Pinched Nerve

“This pinch can be a real pain”

Pinched Nerve
Photo Credit:

What is Pinched Nerve?

We are able to perform motor (movement) and sensory functions because of a network of nerves which are integral to the nervous system. Pinched nerve, also called compressed nerve, is the pressure put on a nerve root by surrounding tissue that is bony, cartilage muscles and tendons. A pinched nerve most frequently occurs in the lower spine and wrist and neck. Other parts of the body can also have pinched nerves.

Causes and Symptoms

The causes of the compressed nerve root vary from a herniated disc as in the case of a herniated disc due to arthritic changes. A herniated disc can result after an injury including a sport injury. Arthritis is usually age-related changes which occur mainly in the joints and the resulting bone spurs can entrap a nerve. There are also occupational injuries which result from repetitive stress placed on extremities. The compression results in swelling of the nerve and this disrupt the normal functioning of the nerve.

It is important to tell your health-care provider if you have other illnesses such diabetes or thyroid disease.

Most frequently reported symptoms are:

  • Pins and needle sensations in the affected area radiating out to adjoining areas
  • Numbness
  • Pain of varying intensity
  • Weakness in the muscles

There are diagnostic tests to confirm a pinched nerve and they include nerve conduction study, electromyography, and magnetic resonance imaging MRI.

As the saying goes, “prevention is better than cure” and so we encourage you to visit your healthcare provider to nip in the bud, any early symptom and sign of a pinched nerve.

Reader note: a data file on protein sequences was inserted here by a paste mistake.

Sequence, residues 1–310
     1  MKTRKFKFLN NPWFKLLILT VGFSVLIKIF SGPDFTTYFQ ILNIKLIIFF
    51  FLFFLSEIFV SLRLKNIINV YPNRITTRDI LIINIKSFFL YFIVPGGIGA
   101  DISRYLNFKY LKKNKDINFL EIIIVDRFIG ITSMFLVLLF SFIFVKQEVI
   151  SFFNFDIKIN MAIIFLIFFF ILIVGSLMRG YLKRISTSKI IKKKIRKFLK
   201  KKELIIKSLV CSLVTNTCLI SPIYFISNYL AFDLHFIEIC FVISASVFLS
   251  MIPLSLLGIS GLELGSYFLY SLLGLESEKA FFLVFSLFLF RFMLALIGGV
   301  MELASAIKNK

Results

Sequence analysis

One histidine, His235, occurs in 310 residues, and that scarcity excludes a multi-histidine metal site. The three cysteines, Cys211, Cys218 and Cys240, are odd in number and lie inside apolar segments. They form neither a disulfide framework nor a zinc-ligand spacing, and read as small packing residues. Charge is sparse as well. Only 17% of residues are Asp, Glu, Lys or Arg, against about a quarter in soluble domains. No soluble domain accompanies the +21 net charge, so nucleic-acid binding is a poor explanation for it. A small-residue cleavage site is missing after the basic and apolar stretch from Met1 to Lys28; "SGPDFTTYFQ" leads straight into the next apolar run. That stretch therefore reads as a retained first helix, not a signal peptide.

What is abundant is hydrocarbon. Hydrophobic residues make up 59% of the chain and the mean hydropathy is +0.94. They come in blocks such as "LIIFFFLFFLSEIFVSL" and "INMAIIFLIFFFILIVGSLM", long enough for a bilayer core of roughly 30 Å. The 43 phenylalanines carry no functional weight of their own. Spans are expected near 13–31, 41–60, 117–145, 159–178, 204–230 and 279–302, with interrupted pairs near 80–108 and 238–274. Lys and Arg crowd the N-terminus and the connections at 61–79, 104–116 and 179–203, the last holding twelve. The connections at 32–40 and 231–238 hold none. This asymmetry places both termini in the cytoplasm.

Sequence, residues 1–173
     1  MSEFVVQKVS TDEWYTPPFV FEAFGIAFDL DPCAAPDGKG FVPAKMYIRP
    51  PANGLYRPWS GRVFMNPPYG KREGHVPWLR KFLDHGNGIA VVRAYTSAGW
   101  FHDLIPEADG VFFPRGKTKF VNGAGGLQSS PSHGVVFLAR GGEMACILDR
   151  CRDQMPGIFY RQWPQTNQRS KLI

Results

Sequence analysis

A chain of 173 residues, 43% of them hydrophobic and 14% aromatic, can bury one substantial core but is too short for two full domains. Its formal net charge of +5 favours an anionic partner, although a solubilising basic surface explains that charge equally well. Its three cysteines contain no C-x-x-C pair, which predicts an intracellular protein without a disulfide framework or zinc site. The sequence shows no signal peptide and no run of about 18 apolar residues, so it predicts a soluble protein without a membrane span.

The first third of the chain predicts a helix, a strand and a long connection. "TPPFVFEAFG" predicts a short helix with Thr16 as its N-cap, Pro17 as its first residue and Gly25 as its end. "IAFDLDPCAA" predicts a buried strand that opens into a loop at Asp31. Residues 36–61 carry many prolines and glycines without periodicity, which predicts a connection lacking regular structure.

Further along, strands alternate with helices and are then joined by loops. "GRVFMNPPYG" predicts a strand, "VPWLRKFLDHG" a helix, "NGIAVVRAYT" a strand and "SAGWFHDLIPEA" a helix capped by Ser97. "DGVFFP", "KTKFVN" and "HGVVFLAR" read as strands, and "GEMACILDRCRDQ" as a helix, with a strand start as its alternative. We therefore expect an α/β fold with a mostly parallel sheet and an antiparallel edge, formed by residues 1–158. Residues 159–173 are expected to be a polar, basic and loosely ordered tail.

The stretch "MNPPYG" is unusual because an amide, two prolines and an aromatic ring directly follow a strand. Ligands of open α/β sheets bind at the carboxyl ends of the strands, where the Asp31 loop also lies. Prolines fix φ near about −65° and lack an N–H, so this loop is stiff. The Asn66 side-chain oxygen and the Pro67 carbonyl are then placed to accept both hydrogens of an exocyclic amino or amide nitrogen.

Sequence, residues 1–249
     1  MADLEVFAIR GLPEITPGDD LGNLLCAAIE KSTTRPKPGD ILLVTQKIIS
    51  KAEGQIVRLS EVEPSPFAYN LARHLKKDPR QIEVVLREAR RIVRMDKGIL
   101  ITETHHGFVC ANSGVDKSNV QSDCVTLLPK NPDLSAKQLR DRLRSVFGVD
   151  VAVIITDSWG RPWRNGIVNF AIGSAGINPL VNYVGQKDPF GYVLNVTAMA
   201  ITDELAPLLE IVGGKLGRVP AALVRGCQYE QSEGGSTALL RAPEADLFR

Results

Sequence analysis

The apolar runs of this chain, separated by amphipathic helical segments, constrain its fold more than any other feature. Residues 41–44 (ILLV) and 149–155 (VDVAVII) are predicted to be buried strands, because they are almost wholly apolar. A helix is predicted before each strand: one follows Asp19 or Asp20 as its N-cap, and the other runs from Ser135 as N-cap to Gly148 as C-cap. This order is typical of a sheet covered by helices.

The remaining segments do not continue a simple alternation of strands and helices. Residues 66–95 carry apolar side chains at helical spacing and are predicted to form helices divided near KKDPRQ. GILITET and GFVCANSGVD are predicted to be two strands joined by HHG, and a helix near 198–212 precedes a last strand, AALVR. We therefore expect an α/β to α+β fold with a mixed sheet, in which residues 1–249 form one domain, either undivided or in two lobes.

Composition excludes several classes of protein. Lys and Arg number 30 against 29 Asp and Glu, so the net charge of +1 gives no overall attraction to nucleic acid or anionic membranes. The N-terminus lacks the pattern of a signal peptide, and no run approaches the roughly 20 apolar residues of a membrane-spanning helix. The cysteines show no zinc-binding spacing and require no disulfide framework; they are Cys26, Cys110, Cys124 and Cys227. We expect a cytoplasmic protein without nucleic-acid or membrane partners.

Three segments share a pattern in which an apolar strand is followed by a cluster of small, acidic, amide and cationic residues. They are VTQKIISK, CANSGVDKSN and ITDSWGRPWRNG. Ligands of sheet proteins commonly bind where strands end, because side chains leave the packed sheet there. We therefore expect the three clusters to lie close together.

Be aware that pain relief and improvement in the inflammation of an injured limb often times does not address the root of the problem which made you susceptible to the injury in the first place. Temporary relief and recurrent pain and swelling are the body’s signal that the problem still exists.

If you have been applying a cold compress to the painful area with no relief, then this is an indication that it may not be a sport injury. Ice and rest are very effective for an acute injury. Do not neglect to consult a doctor when the pain and discomfort are unresolved. Also, if there is relief and then the pain re-occurs once regular activity or training are resumed, then the cause of the pain needs to be fully investigated. In order to rule out the possibility of other similar orthopedic problems x-rays, scans, and imaging (MRI) are good diagnostic tools.

Conservative Therapy

These are the treatment, manipulations, and physical exercises used by physical therapist, chiropractors, and others to relieve mild to moderate compression of the affected nerve.

The chiropractor relieves the pain in the legs by applying specific manipulation of the pelvis. Physical therapist have a menu of musculo-skeletal passive and active exercises that are done with increasing intensity to strengthen weak limbs. Overweight individuals should try to lose the extra pounds as this brings relief from the leg pain and discomfort. Other useful therapies are:

  • Postural retraining
  • Acupuncture and acupressure
  • Yoga
  • Aromatherapy
  • Color Therapy
  • Weight management program
  • Herbal Therapy

For severe nerve compression, there are surgical solutions to release the entrapped nerve that should be discussed with your doctor.

Readers Bureau, Contributor

Do you want to add feedback to this story? Please add comment in e-mail box below.

Like our Facebook page

Follow us on Twitter